This project aims to increase the evidence base on the role of community controlled adult literacy programs to improve health and socio-economic outcomes in remote EAL/D (English as an additional language/dialogue) communities in the Northern Territory. The objectives are to:
- examine how the ‘Yes I Can’ literacy campaign is received by the community and participants in the campaign
- investigate the impact of the campaign on: a) participant’s improvement in literacy skills as assessed using the Australian Core Skills Framework (ACSF); b) participant’s literacy behaviour in everyday life; c) local health, social and employment/training service engagement by participants and the broader community; and d) school engagement by both parents/caregivers and children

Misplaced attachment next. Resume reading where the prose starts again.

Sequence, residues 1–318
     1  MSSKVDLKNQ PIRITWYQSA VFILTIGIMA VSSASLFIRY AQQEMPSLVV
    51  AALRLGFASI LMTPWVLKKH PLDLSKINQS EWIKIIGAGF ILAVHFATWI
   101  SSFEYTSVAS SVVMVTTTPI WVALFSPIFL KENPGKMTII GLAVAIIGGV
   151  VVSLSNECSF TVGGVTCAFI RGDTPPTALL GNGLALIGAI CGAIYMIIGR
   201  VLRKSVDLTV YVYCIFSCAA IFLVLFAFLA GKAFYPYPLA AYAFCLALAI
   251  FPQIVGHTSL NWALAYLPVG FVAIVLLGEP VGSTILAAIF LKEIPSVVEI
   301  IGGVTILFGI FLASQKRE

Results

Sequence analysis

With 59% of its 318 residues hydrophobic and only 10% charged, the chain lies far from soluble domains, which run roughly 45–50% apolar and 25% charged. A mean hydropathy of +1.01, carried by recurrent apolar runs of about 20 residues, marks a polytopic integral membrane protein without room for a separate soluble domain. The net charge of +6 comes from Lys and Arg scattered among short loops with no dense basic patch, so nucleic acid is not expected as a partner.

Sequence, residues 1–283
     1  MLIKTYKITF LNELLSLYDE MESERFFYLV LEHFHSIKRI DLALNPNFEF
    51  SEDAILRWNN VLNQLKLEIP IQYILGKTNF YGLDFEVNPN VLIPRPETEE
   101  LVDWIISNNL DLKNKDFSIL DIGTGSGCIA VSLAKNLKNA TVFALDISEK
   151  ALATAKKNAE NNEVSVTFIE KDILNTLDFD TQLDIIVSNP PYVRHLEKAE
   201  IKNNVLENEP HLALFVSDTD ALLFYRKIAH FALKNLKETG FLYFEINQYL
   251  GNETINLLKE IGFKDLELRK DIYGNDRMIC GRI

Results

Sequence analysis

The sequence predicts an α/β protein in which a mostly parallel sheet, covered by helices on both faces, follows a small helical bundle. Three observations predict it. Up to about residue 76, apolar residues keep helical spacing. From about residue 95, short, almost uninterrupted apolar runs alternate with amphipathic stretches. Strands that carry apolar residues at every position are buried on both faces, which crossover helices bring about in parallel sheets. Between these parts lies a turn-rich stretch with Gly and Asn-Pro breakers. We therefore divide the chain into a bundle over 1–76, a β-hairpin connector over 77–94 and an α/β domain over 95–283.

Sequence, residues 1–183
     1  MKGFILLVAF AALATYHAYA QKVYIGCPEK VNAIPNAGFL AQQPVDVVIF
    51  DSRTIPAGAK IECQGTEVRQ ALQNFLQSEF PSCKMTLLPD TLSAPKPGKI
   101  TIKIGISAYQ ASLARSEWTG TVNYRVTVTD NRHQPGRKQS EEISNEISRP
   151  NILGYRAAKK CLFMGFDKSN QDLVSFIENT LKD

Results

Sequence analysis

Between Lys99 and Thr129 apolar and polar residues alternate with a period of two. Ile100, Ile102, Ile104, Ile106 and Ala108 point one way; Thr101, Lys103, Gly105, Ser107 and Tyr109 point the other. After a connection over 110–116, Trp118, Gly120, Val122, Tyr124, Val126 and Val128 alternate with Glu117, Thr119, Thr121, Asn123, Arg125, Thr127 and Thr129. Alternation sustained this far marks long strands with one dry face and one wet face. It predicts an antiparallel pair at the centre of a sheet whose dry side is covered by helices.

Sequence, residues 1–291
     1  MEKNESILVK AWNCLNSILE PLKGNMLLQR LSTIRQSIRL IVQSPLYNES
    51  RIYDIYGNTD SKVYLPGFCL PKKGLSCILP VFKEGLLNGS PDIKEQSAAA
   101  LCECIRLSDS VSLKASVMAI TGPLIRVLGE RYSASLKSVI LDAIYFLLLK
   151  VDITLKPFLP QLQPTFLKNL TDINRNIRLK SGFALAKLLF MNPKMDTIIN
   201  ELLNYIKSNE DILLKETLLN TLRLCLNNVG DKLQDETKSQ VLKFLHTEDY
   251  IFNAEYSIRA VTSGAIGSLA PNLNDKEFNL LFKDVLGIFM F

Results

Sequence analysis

- document and act upon the local contextual factors that impact campaign delivery and impact, particularly in remote communities with EAL/D
- contribute to a decolonising process of strong Aboriginal governance, nation building and data sovereignty by increasing research skills of local Aboriginal community members and leadership, and
- strengthen research relationships between university and partner organisations and build capacity of a university research team to engage with remote communities and Aboriginal community controlled health organisations (ACCHOs) in research.
“The grant will allow Literacy for Life Foundation, an Aboriginal not-for-profit, to broaden and deepen the evidence base on the role of community-controlled adult literacy programs in improving health and socio-economic outcomes in remote multilingual communities in the NT.”
– Frances Williamson, Research and Training Manager and Project Lead